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John C. Waldmeir

Kahf’s poetry and prose provide not only a feminist perspective on the faith but, more specifically, they ground that perspective on an Islamic notion of the body as “sign” of God’s compassion and mercy.

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John C. Waldmeir

Introduces the two theoretical concepts that will guide this study, the notion of a Muslim American identity lived “in between” physical locations such as the United States and a country of origin, as well as between spiritual attitudes and religious assumptions, such as rigid orthodoxies and progressive interpretations. The introduction argues that the history of the Qur’an itself bears the marks of such in-between development, particularly in its notion of the world as a “sign” of God’s creativity.

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John C. Waldmeir

Willow Wilson’s best-selling autobiography, The Butterfly Mosque (2010), introduced her as someone who’s religious and cultural identities found a home somewhere in-between more traditional options. In the spirit of her personal insights, Wilson has created numerous characters that exhibit similar in-between traits. The religious significance of these subsequent identities is deepened by the journeys she narrates for her characters, voyages that carry them between everyday realities and the mysteries realms of spirits and jinn.

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John C. Waldmeir

Taking seriously his Muslim faith in God’s creation of (and ongoing work among) human life, playwright Ayad Akhtar challenges his audiences to recognize human identity as a source of hope in a world otherwise permeated with acts of violence.

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John C. Waldmeir

As a Muslim poet who writes about homosexual identity and the faith, Ali (like Kahf) also addresses the topic of the body as a site of God’s ongoing creativity. But he expands the possibility for recognizing the divine in the signs of God’s creation by pointing to the multi-layered realities of our individual identity and the tremendous diversity in those worlds that exist outside of us.

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Genealogy of Obedience

Reading North American Dog Training Literature, 1850s-2000s

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Justyna Wlodarczyk

In Genealogy of Obedience Justyna Włodarczyk provides a long overdue look at the history of companion dog training methods in North America since the mid-nineteenth century, when the market of popular training handbooks emerged. Włodarczyk argues that changes in the functions and goals of dog training are entangled in bigger cultural discourses; with a particular focus on how animal training has served as a field for playing out anxieties related to race, class and gender in North America. By applying a Foucauldian genealogical perspective, the book shows how changes in training methods correlate with shifts in dominant regimes of power. It traces the rise and fall of obedience as a category for conceptualizing relationships with dogs.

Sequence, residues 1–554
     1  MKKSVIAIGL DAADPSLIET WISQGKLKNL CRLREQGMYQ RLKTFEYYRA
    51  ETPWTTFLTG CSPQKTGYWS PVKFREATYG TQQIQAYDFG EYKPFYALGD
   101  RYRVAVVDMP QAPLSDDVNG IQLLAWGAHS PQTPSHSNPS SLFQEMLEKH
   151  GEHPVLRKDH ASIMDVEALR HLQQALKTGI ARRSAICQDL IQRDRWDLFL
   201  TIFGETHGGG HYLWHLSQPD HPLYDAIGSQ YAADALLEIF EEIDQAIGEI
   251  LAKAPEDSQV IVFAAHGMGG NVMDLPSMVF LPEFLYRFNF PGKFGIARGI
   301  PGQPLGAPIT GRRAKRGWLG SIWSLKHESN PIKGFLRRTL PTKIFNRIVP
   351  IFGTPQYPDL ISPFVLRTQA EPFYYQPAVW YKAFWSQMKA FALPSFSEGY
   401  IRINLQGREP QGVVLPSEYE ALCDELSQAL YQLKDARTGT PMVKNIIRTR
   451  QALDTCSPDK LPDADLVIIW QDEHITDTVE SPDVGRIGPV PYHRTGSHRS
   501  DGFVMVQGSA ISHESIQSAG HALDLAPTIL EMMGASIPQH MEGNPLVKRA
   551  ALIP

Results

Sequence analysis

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Photographic Ekphrasis in Cuban-American Fiction

Missing Pictures and Imagining Loss and Nostalgia

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Louisa Söllner

Photographic Ekphrasis in Cuban-American Fiction offers new readings of Cuban-American novels and autobiographies, demonstrating that a focus on photographs (alluded to, analyzed, and/or obsessively recurrent in the narrative discourse) provides fresh insights into these texts. The study introduces the concept of photographic ekphrasis as a reading tool for diasporic literature and argues that visual images are important components of narratives about dislocation, nostalgia, and transcultural experience. Authors treated in depth include Carlos Eire, Cristina García, Oscar Hijuelos, Roberto G. Fernández, Ana Menéndez, Achy Obejas, and Gustavo Pérez Firmat. Missing Pictures offers an original perspective on Cuban-American literature and contributes to the scholarship on ekphrasis and on the interactions between photography and narrative.